I’ll say to them, “Lost years, sleep on!
Sleep on! nor heed life’s pelting storms.”
The story of that past, Lorena,
Alas! I care not to repeat,
The hopes that could not last, Lorena,
They lived, but only lived to cheat.
I would not cause e’en one regret
To rankle in your bosom now;
For “if we try we may forget,”
Were words of thine long years ago.
Yes, these were words of thine, Lorena,
They burn within my memory yet;
They touched some tender chords, Lorena,
Which thrill and tremble with regret.
‘Twas not thy woman’s heart that spoke;
Thy heart was always true to me:
A duty, stern and pressing, broke
The tie which linked my soul with thee.
It matters little now, Lorena,
The past is in the eternal past;
Our heads will soon lie low, Lorena,
Life’s tide is ebbing out so fast.
There is a Future! O, thank God!
Of life this is so small a part!
‘Tis dust to dust beneath the sod;
But there, up there, ’tis heart to heart.
While doing research recently for an ESL student, I came across another “rule of writing”, to wit:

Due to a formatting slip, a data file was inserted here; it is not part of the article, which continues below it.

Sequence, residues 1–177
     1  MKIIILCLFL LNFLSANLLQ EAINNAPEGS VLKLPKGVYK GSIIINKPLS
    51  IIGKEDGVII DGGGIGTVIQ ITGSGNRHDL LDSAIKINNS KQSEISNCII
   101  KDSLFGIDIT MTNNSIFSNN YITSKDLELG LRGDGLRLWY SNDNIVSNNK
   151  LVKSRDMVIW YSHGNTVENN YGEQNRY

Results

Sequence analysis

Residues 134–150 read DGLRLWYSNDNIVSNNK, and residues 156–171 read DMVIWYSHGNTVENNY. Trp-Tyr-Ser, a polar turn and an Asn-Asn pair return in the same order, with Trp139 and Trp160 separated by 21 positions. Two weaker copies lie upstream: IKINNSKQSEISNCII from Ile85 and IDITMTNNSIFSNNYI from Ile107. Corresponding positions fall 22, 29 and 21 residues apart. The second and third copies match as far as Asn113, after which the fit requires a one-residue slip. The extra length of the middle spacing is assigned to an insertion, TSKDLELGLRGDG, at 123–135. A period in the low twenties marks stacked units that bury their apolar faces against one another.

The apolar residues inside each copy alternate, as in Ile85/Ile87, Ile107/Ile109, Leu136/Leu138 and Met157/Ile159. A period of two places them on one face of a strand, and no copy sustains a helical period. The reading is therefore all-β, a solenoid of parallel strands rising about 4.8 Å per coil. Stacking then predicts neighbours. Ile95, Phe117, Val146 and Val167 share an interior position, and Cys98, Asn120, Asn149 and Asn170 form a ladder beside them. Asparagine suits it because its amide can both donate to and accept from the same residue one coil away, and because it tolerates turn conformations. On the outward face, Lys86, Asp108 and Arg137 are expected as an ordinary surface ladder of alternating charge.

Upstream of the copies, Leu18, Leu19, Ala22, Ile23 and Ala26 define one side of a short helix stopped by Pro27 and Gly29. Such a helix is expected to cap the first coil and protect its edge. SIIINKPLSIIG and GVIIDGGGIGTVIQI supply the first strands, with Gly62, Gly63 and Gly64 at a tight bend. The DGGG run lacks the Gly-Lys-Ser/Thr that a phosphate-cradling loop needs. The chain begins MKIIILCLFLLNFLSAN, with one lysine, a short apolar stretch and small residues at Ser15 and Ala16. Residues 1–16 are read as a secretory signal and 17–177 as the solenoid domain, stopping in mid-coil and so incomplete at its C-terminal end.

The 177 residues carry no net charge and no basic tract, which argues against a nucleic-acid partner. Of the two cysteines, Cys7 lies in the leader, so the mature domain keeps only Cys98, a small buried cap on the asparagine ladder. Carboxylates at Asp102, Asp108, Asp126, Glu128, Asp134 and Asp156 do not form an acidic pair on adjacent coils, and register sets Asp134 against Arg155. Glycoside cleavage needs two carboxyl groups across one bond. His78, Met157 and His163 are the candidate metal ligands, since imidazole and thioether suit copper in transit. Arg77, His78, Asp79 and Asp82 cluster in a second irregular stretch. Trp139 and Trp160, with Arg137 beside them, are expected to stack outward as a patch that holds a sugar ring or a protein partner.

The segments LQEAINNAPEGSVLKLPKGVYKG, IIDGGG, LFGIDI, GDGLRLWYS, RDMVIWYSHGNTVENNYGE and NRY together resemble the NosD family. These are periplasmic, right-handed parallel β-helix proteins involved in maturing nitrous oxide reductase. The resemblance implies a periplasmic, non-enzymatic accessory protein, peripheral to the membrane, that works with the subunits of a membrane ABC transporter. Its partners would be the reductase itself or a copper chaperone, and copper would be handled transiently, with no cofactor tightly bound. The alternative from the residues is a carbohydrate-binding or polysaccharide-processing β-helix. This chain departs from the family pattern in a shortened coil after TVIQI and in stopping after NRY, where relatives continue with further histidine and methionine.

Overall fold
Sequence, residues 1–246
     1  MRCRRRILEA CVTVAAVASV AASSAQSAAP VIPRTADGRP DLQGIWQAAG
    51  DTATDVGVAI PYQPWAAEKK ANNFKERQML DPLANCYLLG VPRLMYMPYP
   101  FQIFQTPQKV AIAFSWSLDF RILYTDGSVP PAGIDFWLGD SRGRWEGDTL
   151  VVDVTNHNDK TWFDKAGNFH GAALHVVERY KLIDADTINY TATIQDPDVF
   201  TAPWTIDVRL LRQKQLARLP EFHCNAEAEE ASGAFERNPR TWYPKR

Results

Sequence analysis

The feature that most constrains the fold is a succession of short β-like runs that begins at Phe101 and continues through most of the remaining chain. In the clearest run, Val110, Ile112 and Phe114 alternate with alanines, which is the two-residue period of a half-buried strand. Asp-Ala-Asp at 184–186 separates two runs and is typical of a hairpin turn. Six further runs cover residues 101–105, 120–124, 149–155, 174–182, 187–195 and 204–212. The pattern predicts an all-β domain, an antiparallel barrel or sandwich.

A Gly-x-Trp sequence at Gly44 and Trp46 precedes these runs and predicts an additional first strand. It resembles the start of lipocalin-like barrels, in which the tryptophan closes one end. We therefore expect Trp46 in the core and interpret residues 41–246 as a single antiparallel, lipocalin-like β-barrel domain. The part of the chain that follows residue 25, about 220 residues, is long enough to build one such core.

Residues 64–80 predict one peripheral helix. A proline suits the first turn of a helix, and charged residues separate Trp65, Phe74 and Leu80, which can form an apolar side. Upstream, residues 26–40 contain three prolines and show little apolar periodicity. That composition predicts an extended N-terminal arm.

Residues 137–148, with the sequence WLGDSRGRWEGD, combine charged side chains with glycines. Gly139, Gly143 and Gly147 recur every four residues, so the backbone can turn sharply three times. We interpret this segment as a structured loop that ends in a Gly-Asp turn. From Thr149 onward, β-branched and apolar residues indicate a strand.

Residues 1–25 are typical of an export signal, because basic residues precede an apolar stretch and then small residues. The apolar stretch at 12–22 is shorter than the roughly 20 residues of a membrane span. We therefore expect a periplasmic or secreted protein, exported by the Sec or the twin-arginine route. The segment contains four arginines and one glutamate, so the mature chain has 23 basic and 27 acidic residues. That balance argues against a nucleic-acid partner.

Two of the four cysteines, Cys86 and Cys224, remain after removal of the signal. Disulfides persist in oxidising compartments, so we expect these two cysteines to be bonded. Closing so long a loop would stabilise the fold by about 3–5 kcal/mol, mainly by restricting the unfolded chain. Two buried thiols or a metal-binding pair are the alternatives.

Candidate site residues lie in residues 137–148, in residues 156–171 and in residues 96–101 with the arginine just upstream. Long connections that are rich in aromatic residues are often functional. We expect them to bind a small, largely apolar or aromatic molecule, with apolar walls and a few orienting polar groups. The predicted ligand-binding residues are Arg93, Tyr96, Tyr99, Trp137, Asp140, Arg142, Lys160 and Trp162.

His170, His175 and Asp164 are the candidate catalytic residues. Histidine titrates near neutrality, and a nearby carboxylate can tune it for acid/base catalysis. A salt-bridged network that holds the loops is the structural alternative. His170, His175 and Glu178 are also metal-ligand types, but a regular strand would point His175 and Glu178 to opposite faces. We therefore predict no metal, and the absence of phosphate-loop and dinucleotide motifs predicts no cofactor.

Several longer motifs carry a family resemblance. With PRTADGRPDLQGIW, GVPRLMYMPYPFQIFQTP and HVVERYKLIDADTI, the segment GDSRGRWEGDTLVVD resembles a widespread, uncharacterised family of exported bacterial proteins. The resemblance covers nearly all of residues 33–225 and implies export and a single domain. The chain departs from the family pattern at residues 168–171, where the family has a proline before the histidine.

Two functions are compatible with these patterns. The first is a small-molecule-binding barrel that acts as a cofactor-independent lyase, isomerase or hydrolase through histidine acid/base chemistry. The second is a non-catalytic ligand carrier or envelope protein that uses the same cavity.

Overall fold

Don’t use gerunds; they make your writing weak.
To qualify as a gerund a word must be:
Take these sentences as examples:
I like hiking. (The gerund acts as the object of the sentence.)
Hiking is fun. (The gerund acts as the subject of the sentence.)
Now, I guess you could eliminate the gerund in the first sentence by saying “I like to hike”, but I don’t see much difference between the two statements. I think your choice would depend more on what your character’s natural speech patterns are than on any “rule”. (And if, like me, your manuscripts run over the recommended length for your genre, every little added “to” means you have to cut another word―a fate worse than death!)
Rewriting the second sentence as “To hike is fun” makes it sound formal. It gives me the feeling I’m reading a foreign translation rather than common American parlance.